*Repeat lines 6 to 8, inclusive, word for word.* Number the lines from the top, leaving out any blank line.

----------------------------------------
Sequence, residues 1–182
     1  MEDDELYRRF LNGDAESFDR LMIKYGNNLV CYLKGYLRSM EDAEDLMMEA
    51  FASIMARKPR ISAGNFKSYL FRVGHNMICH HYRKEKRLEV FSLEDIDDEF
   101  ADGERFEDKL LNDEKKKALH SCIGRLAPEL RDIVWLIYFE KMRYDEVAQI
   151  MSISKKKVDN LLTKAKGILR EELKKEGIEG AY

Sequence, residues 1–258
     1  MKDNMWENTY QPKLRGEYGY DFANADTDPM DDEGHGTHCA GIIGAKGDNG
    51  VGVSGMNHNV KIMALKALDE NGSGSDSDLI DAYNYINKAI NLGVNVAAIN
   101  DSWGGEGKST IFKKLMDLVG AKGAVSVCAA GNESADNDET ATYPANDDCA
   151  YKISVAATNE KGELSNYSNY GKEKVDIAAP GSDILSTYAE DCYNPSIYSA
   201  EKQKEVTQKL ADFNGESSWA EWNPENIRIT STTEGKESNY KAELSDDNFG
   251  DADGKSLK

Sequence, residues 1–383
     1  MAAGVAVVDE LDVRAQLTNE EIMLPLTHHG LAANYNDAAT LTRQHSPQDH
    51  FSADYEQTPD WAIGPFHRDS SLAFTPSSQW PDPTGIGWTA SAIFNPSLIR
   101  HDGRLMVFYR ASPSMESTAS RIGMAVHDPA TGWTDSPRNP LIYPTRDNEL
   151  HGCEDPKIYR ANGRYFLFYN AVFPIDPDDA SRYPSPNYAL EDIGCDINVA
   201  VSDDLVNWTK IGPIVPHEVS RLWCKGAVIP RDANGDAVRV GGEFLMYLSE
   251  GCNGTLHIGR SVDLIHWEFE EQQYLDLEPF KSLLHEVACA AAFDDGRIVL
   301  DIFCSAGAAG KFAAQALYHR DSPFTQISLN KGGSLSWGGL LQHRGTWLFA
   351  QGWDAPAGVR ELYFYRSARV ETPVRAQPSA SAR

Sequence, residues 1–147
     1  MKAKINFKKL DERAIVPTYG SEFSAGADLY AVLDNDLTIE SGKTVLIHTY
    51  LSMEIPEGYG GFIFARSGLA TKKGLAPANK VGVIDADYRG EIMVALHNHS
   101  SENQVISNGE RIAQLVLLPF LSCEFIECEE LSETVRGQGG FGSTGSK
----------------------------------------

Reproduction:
Sequence, residues 1–258
     1  MKDNMWENTY QPKLRGEYGY DFANADTDPM DDEGHGTHCA GIIGAKGDNG
    51  VGVSGMNHNV KIMALKALDE NGSGSDSDLI DAYNYINKAI NLGVNVAAIN